application, violates the first essential of due process of law."

19

Rule: The Court finds for petitioner.

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Atty. Edgar B. Pascua II

In Spouses Romualdez v. COMELEC, the Court recognized the application of the void-forvagueness doctrine to criminal statutes in appropriate cases.
In the instant case, the assailed provision is paragraph (2), which defines a vagrant as any
person found loitering about public or semi-public buildings or places, or tramping or
wandering about the country or the streets without visible means of support. This provision
was based on the second clause of Section 1 of Act No. 519 which defined "vagrant" as
"every person found loitering about saloons or dramshops or gambling houses, or tramping
or straying through the country without visible means of support." The second clause was
essentially retained with the modification that the places under which the offense might be
committed is now expressed in general terms public or semi-public places.
The streets must be protected. Our people should never dread having to ply them each
day, or else we can never say that we have performed our task to our brothers and sisters.
We must rid the streets of the scourge of humanity, and restore order, peace, civility,
decency and morality in them.
This is exactly why we have public order laws, to which Article 202 (2) belongs. These laws
were crafted to maintain minimum standards of decency, morality and civility in human
society. These laws may be traced all the way back to ancient times, and today, they have
also come to be associated with the struggle to improve the citizens quality of life, which is
guaranteed by our Constitution. G.R. No. 169364 September 18, 2009 PEOPLE OF THE
PHILIPPINES vs. EVANGELINE SITON y SACIL33
*Rule: The possibility of abuse in the implementation of RA 9372 does not avail to take the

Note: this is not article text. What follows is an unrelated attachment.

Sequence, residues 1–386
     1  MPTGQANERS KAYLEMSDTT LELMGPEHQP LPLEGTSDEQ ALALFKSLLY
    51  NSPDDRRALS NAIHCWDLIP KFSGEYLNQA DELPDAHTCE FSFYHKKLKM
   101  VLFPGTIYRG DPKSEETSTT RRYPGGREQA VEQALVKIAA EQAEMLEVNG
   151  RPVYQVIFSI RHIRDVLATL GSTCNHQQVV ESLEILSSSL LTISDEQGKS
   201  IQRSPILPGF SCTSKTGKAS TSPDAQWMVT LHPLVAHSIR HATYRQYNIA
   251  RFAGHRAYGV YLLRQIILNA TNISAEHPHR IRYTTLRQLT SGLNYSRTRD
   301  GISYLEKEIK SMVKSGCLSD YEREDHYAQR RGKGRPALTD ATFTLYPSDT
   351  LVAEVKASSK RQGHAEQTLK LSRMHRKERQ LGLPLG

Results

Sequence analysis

present petitions out of the realm of the surreal and merely imagined. Such possibility is
not peculiar to RA 9372 since the exercise of any power granted by law may be
abused. Allegations of abuse must be anchored on real events before courts may step in to
settle actual controversies involving rights which are legally demandable and enforceable.
A facial invalidation of a statute is allowed only in free speech cases, wherein certain rules
of constitutional litigation are rightly excepted
Petitioners assail for being intrinsically vague and impermissibly broad the definition of the
crime of terrorism under RA 9372 in that terms like "widespread and extraordinary fear and
panic among the populace" and "coerce the government to give in to an unlawful demand"
are nebulous, leaving law enforcement agencies with no standard to measure the
prohibited acts.
Respondents, through the OSG, counter that the doctrines of void-for-vagueness and
overbreadth find no application in the present case since these doctrines apply only to free
speech cases; and that RA 9372 regulates conduct, not speech.
For a jurisprudentially guided understanding of these doctrines, it is imperative to outline
the schools of thought on whether the void-for-vagueness and overbreadth doctrines are
equally applicable grounds to assail a penal statute.
Respondents interpret recent jurisprudence as slanting toward the idea of limiting the
application of the two doctrines to free speech cases. They particularly cite Romualdez v.
Hon. Sandiganbayan and Estrada v. Sandiganbayan.
The Court clarifies.
At issue in Romualdez v. Sandiganbayan was whether the word "intervene" in Section 5 of
the Anti-Graft and Corrupt Practices Act was intrinsically vague and impermissibly broad.
The Court stated that "the overbreadth and the vagueness doctrines have special
application only to free-speech cases," and are "not appropriate for testing the validity of

Article 202 (2) does not violate the equal protection clause; neither does it discriminate against
the poor and the unemployed. Offenders of public order laws are punished not for their status, as for
being poor or unemployed, but for conducting themselves under such circumstances as to endanger
the public peace or cause alarm and apprehension in the community. Being poor or unemployed is
not a license or a justification to act indecently or to engage in immoral conduct.

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Page

20

33

penal statutes." It added that, at any rate, the challenged provision, under which the therein
petitioner was charged, is not vague.